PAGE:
Hey there, time traveller!
This article was published 23/1/2014 (1250 days ago), so information in it may no longer be current.
About 12 hours after Crystal Dawn Elk died in hospital, the man accused of killing her was calling her names and claimed she’d attacked him.
For the first part of his interrogation by two Brandon police officers, Cameron Douglas Burnett had either sat quietly or chatted pleasantly about a variety of topics.
But about 45 minutes into the interview, he raised his voice and poked his finger into the table — he called Elk a "filthy whore" and claimed that she’d taken a swing at him.
"I didn’t know if she had a knife, she reached for something," Burnett said.
Burnett, 53, is on trial for second-degree murder in relation to the Nov. 1, 2011, death of Elk, 37.
The trial began in Brandon Court of Queen’s Bench on Monday. Witnesses have described how Elk got a call at her Brandon home from her mother-in-law, Carol McKay.
McKay, it seemed, had gotten into some kind of domestic dispute with her partner, Burnett.
Elk, her two daughters and one daughter’s boyfriend went to the couple’s home in a basement suite of 310 Dennis St. to help and found McKay outside.
A confrontation ensued outside the home between Elk and Burnett when he tried to pull McKay back towards the home, Elk’s daughter testified.
That daughter, and her boyfriend at the time, said Burnett stabbed Elk, who staggered and fell to the ground.
Elk was pronounced dead at hospital at 2:16 a.m from a stab wound to her heart.
Brandon police officers testified that Tactical Response Unit members entered Burnett’s apartment and arrested him around 6:20 to 6:30 a.m. after repeated attempts to contact him within the suite failed.
Police entered the bedroom to find McKay, unharmed, lying next to Burnett on the bed.
On Thursday, Crown attorney Jim Ross played a video recording of Burnett’s interrogation by police.
During that interview, Burnett tells detectives his residence is in Carievale, Sask., but his work as a self-employed arborist meant he travelled back and forth between Saskatchewan and Manitoba.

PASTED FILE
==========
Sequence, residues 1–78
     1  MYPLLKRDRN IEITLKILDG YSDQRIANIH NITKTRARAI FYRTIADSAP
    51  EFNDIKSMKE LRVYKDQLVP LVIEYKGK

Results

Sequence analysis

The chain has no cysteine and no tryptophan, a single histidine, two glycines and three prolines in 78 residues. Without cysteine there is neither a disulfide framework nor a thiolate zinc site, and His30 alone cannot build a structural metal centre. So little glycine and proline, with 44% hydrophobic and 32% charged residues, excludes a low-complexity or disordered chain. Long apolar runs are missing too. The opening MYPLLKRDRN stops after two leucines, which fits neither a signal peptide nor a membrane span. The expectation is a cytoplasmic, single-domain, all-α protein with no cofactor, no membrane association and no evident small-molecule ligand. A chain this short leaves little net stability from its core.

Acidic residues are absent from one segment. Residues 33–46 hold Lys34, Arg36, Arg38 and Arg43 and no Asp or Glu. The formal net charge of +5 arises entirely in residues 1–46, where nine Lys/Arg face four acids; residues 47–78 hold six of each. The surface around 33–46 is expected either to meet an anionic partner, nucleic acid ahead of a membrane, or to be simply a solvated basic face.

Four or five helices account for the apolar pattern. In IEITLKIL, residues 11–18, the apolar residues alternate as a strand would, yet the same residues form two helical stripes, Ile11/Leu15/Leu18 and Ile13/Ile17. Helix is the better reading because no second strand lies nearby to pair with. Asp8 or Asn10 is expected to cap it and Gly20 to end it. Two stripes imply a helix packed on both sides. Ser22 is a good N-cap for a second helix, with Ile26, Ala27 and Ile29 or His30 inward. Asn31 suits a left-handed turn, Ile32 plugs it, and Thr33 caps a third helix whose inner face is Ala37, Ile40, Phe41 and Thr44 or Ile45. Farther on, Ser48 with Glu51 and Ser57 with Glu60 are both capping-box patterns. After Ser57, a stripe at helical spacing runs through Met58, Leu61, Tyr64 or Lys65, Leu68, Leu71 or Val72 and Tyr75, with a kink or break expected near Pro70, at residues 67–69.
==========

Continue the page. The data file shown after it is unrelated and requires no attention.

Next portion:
He chats with detectives about the subject of his work — trees — and about hockey and football.
But he doesn’t tell the officers what happened outside his home, repeatedly telling them "no comment" or that he had nothing to say at that time because his lawyer had advised him not to talk.
But the BPS detectives persist — they tell Burnett they seek the truth and closure for Elk’s family, and that this is his chance to tell his side of the story. They tell him he seems to be a good guy and they can’t understand how he wound up in this situation.
As one detective begins to ask questions about the events leading up to the stabbing, Burnett begins to open up.
He says there’d been an argument with McKay over how her children treated her, and he went for a walk for a "timeout." He returned to find McKay outside in the cold and tried to take her back into their apartment to take her medication.
Burnett picks up on one detective’s suggestion that Elk was aggressive and interfering.
"You said that Crystal was aggressive then, well that’s what she was," Burnett says, claiming that Elk swore at him and accused him of not taking care of McKay.
Then, about 45 minutes into questioning, Burnett raises his voice and repeatedly pushes his finger into the table in the interview room.
"She’s not my favourite, she’s not Carol’s favourite. She’s a filthy whore," Burnett says.
He says Elk had attacked him by swinging her hand in his face as though she meant to scratch it.
Elk "reached for something," Burnett says, and he didn’t know whether she, or the teens she’d brought with her, had a knife or weapon.
The interrogation, however, ends with Burnett declining to comment further.
The trial continues today.